Turning to FIG. 2, the pump system 10 of the present invention is shown being used in connection with a catastrophic spillage event. Particularly, the pump system 10 in FIG. 2 is being used in the skimming mode. In addition to catastrophic spills, the skimming mode is also useful in connection with very prolific aquifers and particularly aquifers within tidal regions where the static water table may vary great distances over a 24 hour period. As can be seen in FIG. 2, there is illustrated one well 12 comprising a concrete vault 116 with a compartment 118 for housing the various control apparatus 90 of the pump system 112. In addition, the well 112 includes a porous casing 120 which extends from the center of the catastrophic spill to below the level of the static ground water table 122.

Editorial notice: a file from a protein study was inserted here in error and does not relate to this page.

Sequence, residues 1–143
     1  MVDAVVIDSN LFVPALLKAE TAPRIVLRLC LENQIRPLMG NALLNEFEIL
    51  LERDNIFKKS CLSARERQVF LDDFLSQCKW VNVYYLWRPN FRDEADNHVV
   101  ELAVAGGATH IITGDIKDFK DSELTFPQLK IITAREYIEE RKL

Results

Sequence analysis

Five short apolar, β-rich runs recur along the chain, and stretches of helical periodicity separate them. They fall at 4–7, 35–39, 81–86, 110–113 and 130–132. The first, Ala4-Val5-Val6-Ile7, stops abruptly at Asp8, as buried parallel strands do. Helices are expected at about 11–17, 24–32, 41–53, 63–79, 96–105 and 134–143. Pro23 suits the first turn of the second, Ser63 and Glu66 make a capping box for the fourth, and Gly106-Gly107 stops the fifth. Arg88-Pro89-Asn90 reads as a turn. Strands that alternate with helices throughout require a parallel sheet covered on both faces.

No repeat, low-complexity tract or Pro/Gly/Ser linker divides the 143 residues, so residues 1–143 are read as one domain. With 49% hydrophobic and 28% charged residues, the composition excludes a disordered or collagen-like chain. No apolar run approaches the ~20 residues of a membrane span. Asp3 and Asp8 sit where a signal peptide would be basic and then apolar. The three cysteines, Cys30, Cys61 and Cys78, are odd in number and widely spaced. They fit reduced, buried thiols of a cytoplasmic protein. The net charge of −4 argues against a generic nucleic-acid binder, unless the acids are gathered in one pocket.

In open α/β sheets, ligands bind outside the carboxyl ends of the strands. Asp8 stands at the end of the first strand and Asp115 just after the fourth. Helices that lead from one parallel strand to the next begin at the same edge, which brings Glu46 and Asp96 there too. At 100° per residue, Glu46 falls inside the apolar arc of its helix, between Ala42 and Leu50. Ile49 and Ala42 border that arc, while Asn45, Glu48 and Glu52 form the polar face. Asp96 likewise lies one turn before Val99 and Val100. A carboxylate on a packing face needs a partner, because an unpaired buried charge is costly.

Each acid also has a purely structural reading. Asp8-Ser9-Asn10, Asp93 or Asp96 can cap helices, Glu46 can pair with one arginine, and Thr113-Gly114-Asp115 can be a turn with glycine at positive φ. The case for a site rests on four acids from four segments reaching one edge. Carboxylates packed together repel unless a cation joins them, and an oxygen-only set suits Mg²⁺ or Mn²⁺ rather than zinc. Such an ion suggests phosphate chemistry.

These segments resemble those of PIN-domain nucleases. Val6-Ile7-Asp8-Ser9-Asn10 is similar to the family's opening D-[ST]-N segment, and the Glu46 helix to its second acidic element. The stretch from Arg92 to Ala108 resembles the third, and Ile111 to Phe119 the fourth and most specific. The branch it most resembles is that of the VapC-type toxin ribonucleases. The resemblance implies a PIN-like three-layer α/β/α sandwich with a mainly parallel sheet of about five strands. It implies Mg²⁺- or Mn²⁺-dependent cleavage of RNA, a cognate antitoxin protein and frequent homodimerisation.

As a result of the catastrophic spill which occurred at the surface 121 and at the center line of the well casing 120, the spilled liquid hydrocarbons descend along a cone 123 of descent toward the static water table 122. As the liquid hydrocarbons percolate through the soil 125 within the cone of descent 123, the liquid hydrocarbons may collect in a dome 127 centered about the well casing 120 and depress the static water table into a shallow cone of depression 132. The dome 127 produces a thick layer 136 of liquid hydrocarbons in the well casing above the ground water level 135. Consequently, at the early stages of a catastrophic spill, there exists in the well casing 120 a relatively thick layer 136 of free floating liquid hydrocarbons. Because it may not be possible to secure the necessary permits to discharge on site the ground water pumped to the surface during the initial clean up, it is critical that the pump system 10 extract primarily the liquid hydrocarbons in the layer 136 and pump as little groiund water as possible. In that regard, in the skimming mode, the pump 30 (FIG. 3A) which has been previously described has its bottom intake port 54 closed off by means of a plate 62 which has a thread stem 63 that passes through the holds ball 56 against seat 59 by means of nut 65.